Klagenfurt is always more foggy than Villach. At that morning, after I’d left my parents, the image matched my mood.
I remember how I showed the images to my father to cheer him up – and how I completely failed. At that time he had already fallen into depression. He couldn’t do what he wanted to do any more and, if I think of it, the glass wall must have felt like a prison wall to him.
It makes me sad.
I have no idea why I used DxO to process this image. It certainly wouldn’t have been necessary. Fact is I did.
As to the camera: both images, yesterday’s and today’s, are extremely clean and have a lot of dynamic range. I think this camera has more dynamic range than any other Olympus camera and it is extremely sharp as well. 20 megapixels and no low-pass filter make for tremendous image quality. You have to be careful with moiré, but that’s normally a very local problem and easy to fix in post. At least I’ve never had an image that was ruined by unfixable moiré.
Of course I wouldn’t have needed the OM-D E-M1 Mk II, but isn’t it fine to have both cameras with the same resolution?
At that time I had the intention to sell the E-M1 Mk I and the E-P5, but so far I still have both. Why? Well, the prices are ridiculously bad and I didn’t bother. Of course it’s stupid and I should sell them, because what good is it to have them in a closet?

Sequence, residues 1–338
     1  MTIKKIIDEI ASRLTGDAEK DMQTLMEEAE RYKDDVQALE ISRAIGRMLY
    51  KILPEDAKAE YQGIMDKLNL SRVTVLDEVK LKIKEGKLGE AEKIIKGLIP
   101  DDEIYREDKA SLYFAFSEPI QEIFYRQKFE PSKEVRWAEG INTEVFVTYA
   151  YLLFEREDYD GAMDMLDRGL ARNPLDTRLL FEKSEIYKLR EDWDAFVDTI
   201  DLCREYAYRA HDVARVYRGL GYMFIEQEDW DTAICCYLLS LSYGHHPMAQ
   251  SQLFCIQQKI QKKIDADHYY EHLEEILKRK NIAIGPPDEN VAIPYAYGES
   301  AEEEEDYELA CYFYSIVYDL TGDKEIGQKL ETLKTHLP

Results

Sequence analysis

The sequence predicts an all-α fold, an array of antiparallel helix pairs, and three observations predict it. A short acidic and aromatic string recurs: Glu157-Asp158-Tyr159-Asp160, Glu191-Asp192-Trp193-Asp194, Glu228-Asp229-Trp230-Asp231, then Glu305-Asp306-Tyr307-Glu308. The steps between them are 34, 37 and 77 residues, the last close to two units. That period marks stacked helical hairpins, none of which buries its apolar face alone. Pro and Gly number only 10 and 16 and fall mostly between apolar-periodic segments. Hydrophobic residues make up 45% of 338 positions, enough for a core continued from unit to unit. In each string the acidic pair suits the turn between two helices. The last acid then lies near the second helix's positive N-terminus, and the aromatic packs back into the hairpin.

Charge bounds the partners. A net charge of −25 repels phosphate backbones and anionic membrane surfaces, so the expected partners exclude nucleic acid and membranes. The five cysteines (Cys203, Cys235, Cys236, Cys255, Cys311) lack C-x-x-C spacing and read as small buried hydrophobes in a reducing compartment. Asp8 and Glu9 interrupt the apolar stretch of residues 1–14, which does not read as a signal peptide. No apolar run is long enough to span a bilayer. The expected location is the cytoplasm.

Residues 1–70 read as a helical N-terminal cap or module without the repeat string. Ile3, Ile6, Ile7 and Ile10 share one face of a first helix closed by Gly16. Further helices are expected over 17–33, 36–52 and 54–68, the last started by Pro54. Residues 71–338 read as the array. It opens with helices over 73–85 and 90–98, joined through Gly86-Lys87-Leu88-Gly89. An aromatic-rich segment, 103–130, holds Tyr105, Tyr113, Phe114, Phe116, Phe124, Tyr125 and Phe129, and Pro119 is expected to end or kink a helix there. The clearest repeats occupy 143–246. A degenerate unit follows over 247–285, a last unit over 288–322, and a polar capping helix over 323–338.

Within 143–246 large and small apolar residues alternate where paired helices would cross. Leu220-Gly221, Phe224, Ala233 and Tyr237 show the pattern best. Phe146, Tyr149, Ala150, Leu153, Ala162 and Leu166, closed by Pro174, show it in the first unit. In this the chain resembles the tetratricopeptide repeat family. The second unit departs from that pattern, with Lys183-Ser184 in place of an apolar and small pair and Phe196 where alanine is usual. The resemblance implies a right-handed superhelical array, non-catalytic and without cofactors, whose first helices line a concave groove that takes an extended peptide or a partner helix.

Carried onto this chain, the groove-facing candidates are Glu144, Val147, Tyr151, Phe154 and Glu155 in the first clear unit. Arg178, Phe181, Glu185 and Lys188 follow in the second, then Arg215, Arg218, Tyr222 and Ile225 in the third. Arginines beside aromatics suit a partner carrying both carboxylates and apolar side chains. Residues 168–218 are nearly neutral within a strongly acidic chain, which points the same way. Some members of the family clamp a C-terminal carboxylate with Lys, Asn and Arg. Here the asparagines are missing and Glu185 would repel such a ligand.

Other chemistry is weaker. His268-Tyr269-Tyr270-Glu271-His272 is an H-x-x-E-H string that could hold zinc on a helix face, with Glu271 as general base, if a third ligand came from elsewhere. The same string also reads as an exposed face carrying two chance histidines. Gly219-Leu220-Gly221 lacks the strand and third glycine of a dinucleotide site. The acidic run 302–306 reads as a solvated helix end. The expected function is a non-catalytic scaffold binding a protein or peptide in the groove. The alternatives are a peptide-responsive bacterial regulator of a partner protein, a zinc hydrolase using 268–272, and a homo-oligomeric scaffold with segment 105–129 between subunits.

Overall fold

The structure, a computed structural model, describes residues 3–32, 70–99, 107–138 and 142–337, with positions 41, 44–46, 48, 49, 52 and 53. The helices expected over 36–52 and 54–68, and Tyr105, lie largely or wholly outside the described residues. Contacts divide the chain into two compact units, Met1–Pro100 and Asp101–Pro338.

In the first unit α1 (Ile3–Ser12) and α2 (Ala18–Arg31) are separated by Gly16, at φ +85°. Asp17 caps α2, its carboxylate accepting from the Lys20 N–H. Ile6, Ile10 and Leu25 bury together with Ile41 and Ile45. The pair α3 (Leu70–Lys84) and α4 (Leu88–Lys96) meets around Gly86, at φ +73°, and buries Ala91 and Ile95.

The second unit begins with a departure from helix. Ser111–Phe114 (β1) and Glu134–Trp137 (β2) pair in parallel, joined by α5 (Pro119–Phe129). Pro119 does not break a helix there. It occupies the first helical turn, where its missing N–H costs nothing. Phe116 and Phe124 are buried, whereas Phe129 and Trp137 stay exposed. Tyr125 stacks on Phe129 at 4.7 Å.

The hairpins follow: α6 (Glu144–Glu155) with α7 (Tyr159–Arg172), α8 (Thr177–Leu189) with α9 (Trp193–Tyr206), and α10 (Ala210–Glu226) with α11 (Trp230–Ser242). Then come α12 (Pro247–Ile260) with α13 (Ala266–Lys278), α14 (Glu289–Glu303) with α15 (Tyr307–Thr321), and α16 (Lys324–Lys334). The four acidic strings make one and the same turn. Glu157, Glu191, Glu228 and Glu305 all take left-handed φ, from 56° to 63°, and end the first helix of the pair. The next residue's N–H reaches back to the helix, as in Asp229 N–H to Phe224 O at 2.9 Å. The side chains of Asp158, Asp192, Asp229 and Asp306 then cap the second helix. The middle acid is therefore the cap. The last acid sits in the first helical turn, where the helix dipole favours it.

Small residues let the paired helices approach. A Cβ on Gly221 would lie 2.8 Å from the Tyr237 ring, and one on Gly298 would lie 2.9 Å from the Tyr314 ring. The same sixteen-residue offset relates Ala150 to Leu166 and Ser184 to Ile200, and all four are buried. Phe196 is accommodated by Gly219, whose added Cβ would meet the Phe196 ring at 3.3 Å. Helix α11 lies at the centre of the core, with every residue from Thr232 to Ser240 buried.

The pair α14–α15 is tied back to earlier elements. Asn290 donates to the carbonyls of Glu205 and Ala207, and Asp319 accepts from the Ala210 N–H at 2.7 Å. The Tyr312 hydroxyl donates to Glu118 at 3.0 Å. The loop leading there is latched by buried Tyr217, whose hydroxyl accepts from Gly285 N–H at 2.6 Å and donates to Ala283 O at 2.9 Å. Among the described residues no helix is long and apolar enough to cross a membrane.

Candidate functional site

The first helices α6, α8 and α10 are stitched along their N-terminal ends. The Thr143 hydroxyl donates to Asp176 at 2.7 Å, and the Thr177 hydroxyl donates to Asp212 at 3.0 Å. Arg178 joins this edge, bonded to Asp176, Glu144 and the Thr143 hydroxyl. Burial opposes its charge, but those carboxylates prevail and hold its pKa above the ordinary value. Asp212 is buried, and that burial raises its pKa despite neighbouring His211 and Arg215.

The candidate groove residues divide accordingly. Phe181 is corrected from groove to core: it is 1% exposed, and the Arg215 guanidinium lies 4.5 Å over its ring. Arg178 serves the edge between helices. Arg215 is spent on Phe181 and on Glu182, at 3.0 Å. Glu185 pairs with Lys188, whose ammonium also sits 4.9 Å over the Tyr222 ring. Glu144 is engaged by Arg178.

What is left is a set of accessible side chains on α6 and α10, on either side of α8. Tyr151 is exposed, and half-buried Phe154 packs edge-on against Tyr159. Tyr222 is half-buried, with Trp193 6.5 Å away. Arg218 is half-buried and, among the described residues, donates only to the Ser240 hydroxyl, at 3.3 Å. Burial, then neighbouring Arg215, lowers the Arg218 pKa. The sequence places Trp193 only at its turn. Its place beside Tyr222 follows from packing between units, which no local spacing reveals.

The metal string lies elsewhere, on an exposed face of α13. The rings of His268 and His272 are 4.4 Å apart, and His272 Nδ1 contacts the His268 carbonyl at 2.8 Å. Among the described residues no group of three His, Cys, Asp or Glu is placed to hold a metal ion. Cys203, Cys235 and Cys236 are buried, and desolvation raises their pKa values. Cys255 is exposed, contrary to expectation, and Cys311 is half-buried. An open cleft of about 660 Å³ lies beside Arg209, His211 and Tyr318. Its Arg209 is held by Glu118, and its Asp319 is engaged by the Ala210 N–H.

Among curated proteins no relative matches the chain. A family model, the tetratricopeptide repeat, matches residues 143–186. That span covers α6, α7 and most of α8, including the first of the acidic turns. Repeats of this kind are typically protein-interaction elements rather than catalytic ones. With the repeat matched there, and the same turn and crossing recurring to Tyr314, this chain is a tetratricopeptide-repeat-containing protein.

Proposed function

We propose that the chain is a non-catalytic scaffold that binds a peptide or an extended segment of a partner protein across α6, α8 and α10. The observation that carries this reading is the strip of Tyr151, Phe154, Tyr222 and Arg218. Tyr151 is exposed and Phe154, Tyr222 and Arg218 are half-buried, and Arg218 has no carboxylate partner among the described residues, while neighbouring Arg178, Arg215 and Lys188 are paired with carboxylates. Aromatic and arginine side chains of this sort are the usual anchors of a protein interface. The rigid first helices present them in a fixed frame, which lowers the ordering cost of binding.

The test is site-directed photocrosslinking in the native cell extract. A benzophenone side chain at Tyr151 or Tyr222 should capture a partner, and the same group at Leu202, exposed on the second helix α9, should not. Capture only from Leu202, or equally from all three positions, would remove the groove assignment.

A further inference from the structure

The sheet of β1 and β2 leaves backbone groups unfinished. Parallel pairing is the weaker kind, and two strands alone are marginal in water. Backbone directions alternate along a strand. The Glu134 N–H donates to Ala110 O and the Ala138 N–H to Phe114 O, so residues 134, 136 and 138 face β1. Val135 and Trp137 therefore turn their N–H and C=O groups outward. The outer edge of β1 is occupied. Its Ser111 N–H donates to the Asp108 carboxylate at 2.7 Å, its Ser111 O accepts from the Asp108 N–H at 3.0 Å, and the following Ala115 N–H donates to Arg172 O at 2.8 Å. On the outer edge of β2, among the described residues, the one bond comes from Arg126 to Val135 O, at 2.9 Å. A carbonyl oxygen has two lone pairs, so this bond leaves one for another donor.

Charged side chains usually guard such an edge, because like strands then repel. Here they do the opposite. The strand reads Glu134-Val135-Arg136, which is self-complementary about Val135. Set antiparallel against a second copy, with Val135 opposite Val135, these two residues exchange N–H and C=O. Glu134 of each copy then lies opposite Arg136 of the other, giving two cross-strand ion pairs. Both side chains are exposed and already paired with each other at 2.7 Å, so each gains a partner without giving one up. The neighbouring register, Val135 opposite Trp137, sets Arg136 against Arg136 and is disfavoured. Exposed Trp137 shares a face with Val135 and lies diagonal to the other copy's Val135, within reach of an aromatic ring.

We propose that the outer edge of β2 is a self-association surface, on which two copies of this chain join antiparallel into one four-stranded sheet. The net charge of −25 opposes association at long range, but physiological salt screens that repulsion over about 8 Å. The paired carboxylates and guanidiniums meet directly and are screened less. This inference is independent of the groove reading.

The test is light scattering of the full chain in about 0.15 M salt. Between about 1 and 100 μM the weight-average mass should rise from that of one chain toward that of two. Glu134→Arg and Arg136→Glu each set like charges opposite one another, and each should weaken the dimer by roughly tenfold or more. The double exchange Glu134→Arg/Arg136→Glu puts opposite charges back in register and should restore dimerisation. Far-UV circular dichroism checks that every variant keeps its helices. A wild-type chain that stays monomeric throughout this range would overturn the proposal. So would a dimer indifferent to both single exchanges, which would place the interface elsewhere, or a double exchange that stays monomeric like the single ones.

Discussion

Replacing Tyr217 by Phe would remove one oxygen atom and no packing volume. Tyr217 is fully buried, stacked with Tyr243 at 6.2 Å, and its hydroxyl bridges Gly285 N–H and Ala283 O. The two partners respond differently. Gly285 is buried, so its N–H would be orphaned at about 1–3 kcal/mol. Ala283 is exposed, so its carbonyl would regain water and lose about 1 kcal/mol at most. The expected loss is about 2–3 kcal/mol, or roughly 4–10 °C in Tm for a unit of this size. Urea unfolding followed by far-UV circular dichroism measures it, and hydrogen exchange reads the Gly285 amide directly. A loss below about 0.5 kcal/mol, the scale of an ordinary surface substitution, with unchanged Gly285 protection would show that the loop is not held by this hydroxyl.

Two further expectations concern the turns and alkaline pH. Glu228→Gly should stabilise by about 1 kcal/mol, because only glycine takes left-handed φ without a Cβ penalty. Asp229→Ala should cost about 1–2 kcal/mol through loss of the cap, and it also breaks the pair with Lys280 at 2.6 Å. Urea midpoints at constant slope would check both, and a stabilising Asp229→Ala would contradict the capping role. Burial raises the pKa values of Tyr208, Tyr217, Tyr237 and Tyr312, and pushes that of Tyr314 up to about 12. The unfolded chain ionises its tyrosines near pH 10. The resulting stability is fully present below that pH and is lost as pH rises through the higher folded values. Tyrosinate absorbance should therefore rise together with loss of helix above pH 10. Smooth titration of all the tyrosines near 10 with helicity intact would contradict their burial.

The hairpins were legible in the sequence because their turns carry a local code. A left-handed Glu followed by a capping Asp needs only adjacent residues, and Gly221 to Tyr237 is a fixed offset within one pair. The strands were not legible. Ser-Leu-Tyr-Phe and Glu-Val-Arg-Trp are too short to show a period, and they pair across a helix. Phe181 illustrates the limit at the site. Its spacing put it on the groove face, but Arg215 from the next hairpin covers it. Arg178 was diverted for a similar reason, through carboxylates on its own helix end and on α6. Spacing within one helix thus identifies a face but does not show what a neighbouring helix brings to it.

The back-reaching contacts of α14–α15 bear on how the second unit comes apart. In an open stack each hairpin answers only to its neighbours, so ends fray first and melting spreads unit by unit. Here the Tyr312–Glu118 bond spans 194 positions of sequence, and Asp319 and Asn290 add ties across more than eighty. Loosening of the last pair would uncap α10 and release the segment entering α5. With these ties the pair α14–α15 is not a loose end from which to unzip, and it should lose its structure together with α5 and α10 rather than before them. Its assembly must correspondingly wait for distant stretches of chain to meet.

Anyway. This is not the first image taken with the Mk II, but it’s one of the first and it’s the first worth publishing. More to come.
These three images were taken at the shore of river Gail, one of the two rivers joining in Villach. This is a part of the river bed that’s flooded rarely. Most of the year it’s either dry or stagnant, the water knee-deep at maximum. Last December it was frozen almost all the way down. The cracks in the ice are due to thousands of people strolling there on weekends, trying the ice.
Using an ultra-wide lens gives you plenty of options to play with lines and different dramatic compositions. We’ll come back to this place in a few days 🙂
I drove around randomly, worrying about the sun, and suddenly I found rows of trees with strangly red fruit, planted around one of Villach’s schools.
No leaves, only thousand of red berries. In size they almost approximated cherries, but they were densely clustered along the twigs. Some of them were already foulish brown, many were still in red splendor. Any idea what that is?
In fall 2008 we moved from “the country” to Villach. There we spent three years in one apartment until we finally moved to where we live now.
In a way I miss living in the country. I took many, many more images of trees, flowers and landscapes there. No wonder, but …
Today we have an exception. This tree is a hundred meters off the main road entering Villach from the south, maybe 150 meters further on is our apartment block. It’s near all shops, it’s only minutes to the next five supermarkets and so on, but it is almost as silent and rural as “in the country”.
Still, it makes a difference whether you only drive by those trees or if they grow in your garden. You give more attention to those in your garden 🙂
A few times in my childhood I remember having used such a bus. Is that scary?
Today I am closer to being 70, than to the year I was finally getting my master’s degree – and I was late at that.
I am closer to being 80, than I am to the year when I started working as a programmer.
I am closer to being 100, than I am to the year when I started elementary school.
It’s very unlikely that my father gets 82. Practically no male in his family did. We like to think of 50 as “Half Time”, but but in reality that’s not even close for most of us.
Scary? Yes 🙂